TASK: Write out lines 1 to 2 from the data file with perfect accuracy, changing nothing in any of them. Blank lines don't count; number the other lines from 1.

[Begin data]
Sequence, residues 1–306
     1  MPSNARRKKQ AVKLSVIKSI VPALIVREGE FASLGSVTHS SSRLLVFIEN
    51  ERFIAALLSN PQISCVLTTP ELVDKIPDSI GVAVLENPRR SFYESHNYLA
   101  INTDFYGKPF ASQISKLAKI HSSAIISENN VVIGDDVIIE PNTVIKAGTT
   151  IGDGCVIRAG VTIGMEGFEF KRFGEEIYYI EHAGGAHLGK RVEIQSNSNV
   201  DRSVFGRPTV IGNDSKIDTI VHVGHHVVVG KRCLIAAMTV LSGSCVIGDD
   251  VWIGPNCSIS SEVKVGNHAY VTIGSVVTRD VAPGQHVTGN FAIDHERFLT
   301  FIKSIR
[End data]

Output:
Sequence, residues 1–306
     1  MPSNARRKKQ AVKLSVIKSI VPALIVREGE FASLGSVTHS SSRLLVFIEN